While travelling across state from Nashville, a quartet of teenagers - Lance (Brad Bell), Lyndsey (Morgan Wiggins), Ryder (Jordyn Rudolph) and Sean (Ryan Rudolph) - on a road trip unwisely choose to follow a detour which leads them deep into the Kentuckian woods. All is not lost, however, as they stumble across a scream park known as - you've guessed it - Talon Falls. So far, so HOUSE OF 1,000 CORPSES ...

None of this group bats an eyelid when they're plucked from the park's lengthy queue for no apparent reason and offered the chance to jump to the front. They accept the offer, and pretty soon they're in the park enjoying its dubious attractions.

These include a disconcertingly realistic-looking electric chair scenario, where punters are invited to flick the switch and watch an unfortunate "convict" (Josh Iervese) fry. Lance, the most annoying member of the group - he wears his baseball cap backwards and likes to play the odd prank or two - is quick to flick the switch and revel in the smouldering set-piece unravelling before his eyes. "Fry, you motherfucker!" he excitedly exclaims. But it's all a performance, staged for the paying customers ... correct?

The group inevitably splits up as they embark further into the park's dark, labyrinthine corridors. At first, they don't realise that surveillance cameras are capturing their reactions in every room, as they stumble upon various scenes of torture porn and the like.

Ever the inquisitive one, Lance goes off to explore and happens upon the park's control room, where he watches a few old videotapes of footage previously caught by the park's owners. Lo and behold, it transpires that perhaps not everything they've been witnessing in the park is staged, and they may be in very real danger while within its walls.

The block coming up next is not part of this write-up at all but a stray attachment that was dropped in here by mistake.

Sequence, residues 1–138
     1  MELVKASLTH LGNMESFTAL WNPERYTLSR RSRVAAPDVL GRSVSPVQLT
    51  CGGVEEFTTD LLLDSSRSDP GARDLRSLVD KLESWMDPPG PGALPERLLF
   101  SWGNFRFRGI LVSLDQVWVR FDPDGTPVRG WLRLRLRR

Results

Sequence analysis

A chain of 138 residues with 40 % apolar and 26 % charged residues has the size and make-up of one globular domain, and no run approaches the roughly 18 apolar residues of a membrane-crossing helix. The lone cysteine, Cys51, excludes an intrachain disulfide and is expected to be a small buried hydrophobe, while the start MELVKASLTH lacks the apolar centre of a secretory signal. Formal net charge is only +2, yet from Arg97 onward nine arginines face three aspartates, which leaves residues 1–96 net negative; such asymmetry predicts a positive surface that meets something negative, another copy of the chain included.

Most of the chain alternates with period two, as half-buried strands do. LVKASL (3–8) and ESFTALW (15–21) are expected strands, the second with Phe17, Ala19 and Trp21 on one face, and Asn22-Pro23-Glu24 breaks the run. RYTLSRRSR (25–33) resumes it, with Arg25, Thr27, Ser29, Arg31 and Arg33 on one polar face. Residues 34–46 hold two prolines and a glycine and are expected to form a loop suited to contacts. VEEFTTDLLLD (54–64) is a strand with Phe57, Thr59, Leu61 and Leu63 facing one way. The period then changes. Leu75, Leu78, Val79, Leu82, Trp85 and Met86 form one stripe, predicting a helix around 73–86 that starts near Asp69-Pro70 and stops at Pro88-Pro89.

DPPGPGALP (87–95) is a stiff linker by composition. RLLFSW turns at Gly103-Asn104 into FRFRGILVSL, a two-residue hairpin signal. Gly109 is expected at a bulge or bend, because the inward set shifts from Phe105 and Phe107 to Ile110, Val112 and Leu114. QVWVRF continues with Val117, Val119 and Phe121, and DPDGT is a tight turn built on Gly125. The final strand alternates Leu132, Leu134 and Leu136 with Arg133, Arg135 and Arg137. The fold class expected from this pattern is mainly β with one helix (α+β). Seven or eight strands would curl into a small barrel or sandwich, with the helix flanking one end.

Sure enough, our witless foursome is soon rendered unconscious by hulking brutes in masks which appear to be rejects from an old Slipknot stage show. When they next awaken, the quartet find themselves behind the scenes of the scream park along with a few other unfortunate punters - caged, and guarded by ravenous-seeming dogs.

Oh dear. Guess who these dodgy park-owners have in mind to play the stooges in their next public performances?

My synopsis takes you roughly 34 minutes into this 74-minute venture. It would be unfair to reveal anything further. But, really, I don't need to anyway - the remaining 50 minutes of TALON FALLS essentially descend (escalate?) into escape attempts, extended fight sequences and curiously coy torture set-pieces.

If you were hoping for some insight into the characters, I can't offer any unless I was prepared to start wildly speculating. Certainly, writer-director Joshua Shreve's by-the-numbers script offers none. Which leaves us with one-dimensional tropes for whom we feel no fear. There is no tension, a shortcoming which is further confounded by Shreve's pathological need to move things along at a breakneck pace. Where has the art of slowly-mounting tension gone in American horror pictures?!

Cliched and predictable, corny and sadly lacking in the one thing that would've got it noticed by the audience most likely to accept it (gore), TALON FALLS only really has its admittedly decent production values and design to fall back on. Even these are contrived, pulling largely from the SAW franchise and Rob Zombie's movies. But if you can stomach such familiar, polished aesthetic qualities, then by all means - go for it.

TALON FALLS, which at least deserves kudos for actually having been shot on location at the genuine scream park of the same name in Kentucky, comes to region-free DVD thanks to the folk at MVD Visual.

The film is presented in its original 2.35:1 ratio and is enhanced for 16x9 televisions. Colours and detail are bold, a natural sharpness to proceedings complements the strong black presentations nicely. There is very little to quibble over here, visually.

Audio-wise, we get choices of the English soundtrack in 2.0 and 5.1. Both convey music and sound effects well, but dialogue is sometimes muted in both offerings. It's good, then, that we're proffered the option of English subtitles for the hard-of-hearing ... even if these are sometimes slightly out of synch.

The disc opens to an animated main menu page. A static scene selection option affords access to the film via 20 chapters.

Extras consist of a 10-minute Behind The Scenes featurette containing a wealth of on-location footage and sound-bites, along with the film's original 95-second trailer.

TALON FALLS offers nothing in the way of originality and further falls short in the writing department due to its array of one-dimensional characters - aggressors and potential victims. Still, it's a handsomely-mounted failure which may appeal to the more forgiving torture-porn obsessive.

Review by Stuart Willis

Released by MVD Visual